The Obama administration is demonstrating a renewed interest in African economic partnerships after largely ignoring the continent during the president's first term. During his summer 2013 trip to Africa, President Obama articulated a policy focus on energy and business ventures. He announced that the United States would aim to expand sub-Saharan Africans' access to electricity and committed $7 billion over five years to the "Power Africa" initiative. He also vowed to send more trade missions to Africa and invite African leaders to a U.S. summit in 2014.
Tension between senior civilian and military officials over where and how U.S. armed forces should be used has been visible in recent debates on intervention in Syria. Micah Zenko discusses reasons for and consequences of the civilian-military split.
Ties between Brazil and the United States will continue after Brazilian president Dilma cancelled her trip to Washington, but a prime opportunity to forge a new relationship has been lost, writes Julia Sweig.
Department of the Treasury Assistant Secretary Marisa Lago delivered these remarks at the Seminar on the U.S. Regulatory and Institutional Environment for Chinese Foreign Direct Investment on September 25, 2013.
The interventions that U.S. policymakers have proposed to address Syria are based on a "deep misunderstandings of how U.S. force was used on behalf of humanitarian missions in the past, and have almost nothing to do with how Syrian non-combatants are actually being killed," Micah Zenko writes in his latest article. Micah discusses the "misleading characterization" that policymakers have repeated throughout the Syrian civil war.
GayleTzemach-Lemmon discusses the possible consequences of the U.S. government's inaction in Syria and the disconnect between President Barack Obama's approach to the situation and the national security intervention proposals he was reviewing.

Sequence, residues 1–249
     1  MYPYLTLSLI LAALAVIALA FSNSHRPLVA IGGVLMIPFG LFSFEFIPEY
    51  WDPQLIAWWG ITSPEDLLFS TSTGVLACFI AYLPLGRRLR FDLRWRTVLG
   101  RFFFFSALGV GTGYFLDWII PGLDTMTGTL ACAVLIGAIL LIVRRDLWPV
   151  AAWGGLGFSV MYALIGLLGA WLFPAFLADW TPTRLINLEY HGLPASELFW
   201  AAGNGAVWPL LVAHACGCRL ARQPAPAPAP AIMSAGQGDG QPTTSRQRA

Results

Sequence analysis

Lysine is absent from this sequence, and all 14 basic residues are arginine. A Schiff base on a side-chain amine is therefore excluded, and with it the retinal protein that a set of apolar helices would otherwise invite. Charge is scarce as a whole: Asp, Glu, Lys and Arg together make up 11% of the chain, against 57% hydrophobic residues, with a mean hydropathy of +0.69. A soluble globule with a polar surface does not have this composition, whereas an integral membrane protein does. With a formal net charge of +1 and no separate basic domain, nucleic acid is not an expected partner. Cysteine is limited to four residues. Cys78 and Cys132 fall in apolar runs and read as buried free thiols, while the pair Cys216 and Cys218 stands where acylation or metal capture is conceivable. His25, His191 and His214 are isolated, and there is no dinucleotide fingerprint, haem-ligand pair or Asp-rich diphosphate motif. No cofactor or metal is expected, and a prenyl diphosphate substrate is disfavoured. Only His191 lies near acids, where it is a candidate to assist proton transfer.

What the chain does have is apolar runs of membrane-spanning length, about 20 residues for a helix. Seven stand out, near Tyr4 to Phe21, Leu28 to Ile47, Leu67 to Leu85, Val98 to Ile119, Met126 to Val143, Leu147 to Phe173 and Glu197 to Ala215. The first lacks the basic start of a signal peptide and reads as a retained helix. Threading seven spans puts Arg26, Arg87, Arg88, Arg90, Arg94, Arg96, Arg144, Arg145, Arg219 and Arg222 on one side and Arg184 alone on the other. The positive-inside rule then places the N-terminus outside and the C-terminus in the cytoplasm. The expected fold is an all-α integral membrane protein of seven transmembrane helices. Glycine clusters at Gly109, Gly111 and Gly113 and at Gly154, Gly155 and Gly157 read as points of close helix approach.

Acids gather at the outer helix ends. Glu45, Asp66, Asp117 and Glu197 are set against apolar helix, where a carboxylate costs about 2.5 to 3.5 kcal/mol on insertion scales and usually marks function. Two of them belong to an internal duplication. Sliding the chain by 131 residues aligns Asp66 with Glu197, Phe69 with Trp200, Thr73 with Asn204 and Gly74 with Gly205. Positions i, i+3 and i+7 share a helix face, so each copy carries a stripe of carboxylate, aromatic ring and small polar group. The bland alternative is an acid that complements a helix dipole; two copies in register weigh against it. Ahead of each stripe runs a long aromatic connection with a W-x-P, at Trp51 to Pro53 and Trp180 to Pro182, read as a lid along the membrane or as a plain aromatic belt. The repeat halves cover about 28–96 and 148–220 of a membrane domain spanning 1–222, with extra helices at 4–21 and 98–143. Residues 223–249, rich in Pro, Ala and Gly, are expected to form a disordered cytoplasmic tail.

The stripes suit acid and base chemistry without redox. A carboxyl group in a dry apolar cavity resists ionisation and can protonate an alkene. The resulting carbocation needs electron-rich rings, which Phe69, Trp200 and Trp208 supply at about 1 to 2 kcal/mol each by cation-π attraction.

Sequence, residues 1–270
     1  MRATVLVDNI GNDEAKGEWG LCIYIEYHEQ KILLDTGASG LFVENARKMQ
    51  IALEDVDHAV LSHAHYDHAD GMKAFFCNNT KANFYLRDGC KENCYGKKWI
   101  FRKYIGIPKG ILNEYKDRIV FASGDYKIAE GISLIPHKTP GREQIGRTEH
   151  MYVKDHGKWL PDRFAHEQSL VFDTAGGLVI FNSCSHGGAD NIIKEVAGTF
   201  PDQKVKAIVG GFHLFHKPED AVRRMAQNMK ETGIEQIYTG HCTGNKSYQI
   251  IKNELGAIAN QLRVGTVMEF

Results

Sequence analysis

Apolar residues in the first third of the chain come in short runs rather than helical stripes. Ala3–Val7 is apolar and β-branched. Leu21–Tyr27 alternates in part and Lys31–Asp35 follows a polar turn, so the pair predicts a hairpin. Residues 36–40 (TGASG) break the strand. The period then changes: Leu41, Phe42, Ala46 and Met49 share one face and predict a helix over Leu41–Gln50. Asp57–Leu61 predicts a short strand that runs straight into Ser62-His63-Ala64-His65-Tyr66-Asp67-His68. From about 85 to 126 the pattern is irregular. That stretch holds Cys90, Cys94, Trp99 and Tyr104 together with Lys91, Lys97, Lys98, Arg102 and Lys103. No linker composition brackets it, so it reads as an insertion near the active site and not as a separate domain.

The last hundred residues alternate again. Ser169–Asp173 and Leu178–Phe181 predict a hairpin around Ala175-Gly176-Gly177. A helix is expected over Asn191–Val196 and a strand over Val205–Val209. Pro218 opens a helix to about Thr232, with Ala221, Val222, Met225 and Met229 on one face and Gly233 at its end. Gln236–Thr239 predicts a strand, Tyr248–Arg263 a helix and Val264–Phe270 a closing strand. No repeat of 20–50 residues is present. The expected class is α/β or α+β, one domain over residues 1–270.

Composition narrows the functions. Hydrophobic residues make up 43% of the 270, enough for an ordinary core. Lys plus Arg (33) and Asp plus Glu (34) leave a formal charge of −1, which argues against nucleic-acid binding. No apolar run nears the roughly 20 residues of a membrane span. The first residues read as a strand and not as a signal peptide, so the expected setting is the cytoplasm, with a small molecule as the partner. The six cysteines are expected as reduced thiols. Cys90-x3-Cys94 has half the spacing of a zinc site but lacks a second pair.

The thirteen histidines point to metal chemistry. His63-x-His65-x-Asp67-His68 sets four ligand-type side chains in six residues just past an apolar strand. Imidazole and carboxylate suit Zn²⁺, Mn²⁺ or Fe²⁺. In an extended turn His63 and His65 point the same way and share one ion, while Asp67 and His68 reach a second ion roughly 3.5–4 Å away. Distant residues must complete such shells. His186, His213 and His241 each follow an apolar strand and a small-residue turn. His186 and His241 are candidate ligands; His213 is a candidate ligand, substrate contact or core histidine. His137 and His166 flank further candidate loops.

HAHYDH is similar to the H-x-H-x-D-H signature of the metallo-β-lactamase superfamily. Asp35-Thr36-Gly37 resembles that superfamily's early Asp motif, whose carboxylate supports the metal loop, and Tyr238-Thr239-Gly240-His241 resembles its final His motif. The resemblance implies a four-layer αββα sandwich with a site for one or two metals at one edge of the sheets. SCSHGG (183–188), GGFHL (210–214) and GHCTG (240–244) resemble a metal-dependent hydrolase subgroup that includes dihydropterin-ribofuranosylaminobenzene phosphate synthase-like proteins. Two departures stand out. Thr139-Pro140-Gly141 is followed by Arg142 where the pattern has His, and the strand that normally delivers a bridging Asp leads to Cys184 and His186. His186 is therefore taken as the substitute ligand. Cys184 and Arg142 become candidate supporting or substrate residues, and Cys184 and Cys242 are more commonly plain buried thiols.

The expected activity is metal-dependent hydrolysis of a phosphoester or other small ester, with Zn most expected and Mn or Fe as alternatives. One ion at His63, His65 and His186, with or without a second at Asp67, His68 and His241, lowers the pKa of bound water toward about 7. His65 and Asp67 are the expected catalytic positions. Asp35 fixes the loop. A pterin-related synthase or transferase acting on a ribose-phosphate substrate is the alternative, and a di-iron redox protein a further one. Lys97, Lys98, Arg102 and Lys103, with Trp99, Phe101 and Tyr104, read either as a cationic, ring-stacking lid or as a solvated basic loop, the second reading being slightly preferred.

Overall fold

These Teaching Notes, by CFR President Richard N. Haass, feature discussion questions, essay questions, activities, and additional materials for educators to supplement the use of Dr. Haass's book Foreign Policy Begins at Home in the classroom. In this book, Dr. Haass argues that the biggest threat to the security and prosperity of the United States comes not from abroad but from within. He puts forward a new foreign policy doctrine of Restoration, in which the United States limits its engagement in wars of choice and humanitarian interventions abroad and focuses on restoring the foundations of its power at home.
The Council on Foreign Relations' David Rockefeller Studies Program—CFR's "think tank"—is home to more than seventy full-time, adjunct, and visiting scholars and practitioners (called "fellows"). Their expertise covers the world's major regions as well as the critical issues shaping today's global agenda. Download the printable CFR Experts Guide.
2011 Corporate Conference: Recaps and Highlights
To encourage the free flow of conversation, the 2011 Corporate Conference was entirely not-for-attribution; however, several conference speakers joined us for sideline interviews further exploring their areas of expertise.
Former Treasury secretary Robert E. Rubin and Nobel Laureate economist Michael Spence on the global economic outlook.
Foreign Affairs editor Gideon Rose and Edward Morse on energy geopolitics.